The Christ, when He comes into incarnation, will most likely project himself into many parts and be where he wants to be. This is called the Law of Divisibility, a term used in Agni Yoga that means a highly developed spirit—one who is able to contact, simultaneously, various people in various locations.55

Does this not seem uncomfortably close to the Jones/Paulk version above?  Continuing:

For example, a Master can be seen in various groups at the same time. He can even be in different planes serving and teaching on different levels to meet various needs of the people. He can do different jobs in different places at one time. He impresses the space with his images, and so forth.56

Certainly, Bill Johnson bears some responsibility for Bob Jones’ teaching since this “prophetic conference” was hosted at his Bethel Church.  Presumably, he’ll likely revert back to his words here:

…As a pastor I sometimes invite speakers who come in a rough package but carry a great anointing.  I do this to train my congregation to recognize the anointing and to celebrate who people are, not who they aren’t.  People want to be doctrinally safe, not relationally safe.  Often people expect me to publicly rebuke a previous speaker for teaching against what we believe.  I will do that only if it’s actual heresy.57

One has to wonder what Johnson’s definition of heresy is.  Certainly, refusing to rebuke a specific unbiblical or anti-biblical teaching by an individual who has spoken at his church amounts to tacit approval despite his statement above.  However, given that the Bob Jones material cited in this section (excepting the MorningStar monologue) is sold in both audio and video format at Bethel, this connotes not just tacit but explicit endorsement.  And for this, Johnson should be held responsible.  With this endorsement from Bethel, one may be led to believe Jones’ teachings (at the least his words on this DVD/cd) are part of the Johnson / Bethel belief system.  Are they?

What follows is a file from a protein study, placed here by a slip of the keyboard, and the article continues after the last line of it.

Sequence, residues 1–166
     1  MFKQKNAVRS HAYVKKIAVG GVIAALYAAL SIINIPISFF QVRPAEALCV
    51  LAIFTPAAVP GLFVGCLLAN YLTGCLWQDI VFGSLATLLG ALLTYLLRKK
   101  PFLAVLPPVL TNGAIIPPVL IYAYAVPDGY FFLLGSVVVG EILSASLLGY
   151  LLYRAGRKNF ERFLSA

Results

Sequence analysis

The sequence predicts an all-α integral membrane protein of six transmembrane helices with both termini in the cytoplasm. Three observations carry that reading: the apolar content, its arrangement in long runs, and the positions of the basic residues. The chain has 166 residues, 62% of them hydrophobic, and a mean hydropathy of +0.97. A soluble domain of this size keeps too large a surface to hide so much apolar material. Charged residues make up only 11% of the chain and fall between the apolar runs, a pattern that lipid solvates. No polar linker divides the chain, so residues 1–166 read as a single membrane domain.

Bob Jones “The Coming Kingdom”
Piercing the Darkness, 2011

Bob Jones lurks in the background of much of hyper-charismaticism.  He is lauded as a true ‘prophet of God’.  Do his esoteric teachings form the backdrop for the movement as a whole?  “Apostles” in the New Apostolic Reformation, the very ones who claim authority, do nothing to correct any of Jones’ strange teachings.  Since Bill Johnson himself is a recognized ‘Apostle’ within his own sphere of influence, he certainly has the authority.  Will he correct any of Jones’ teachings?  Has he yet?

Bill Johnson: Deceived Deceiver or Deceiving Deceiver?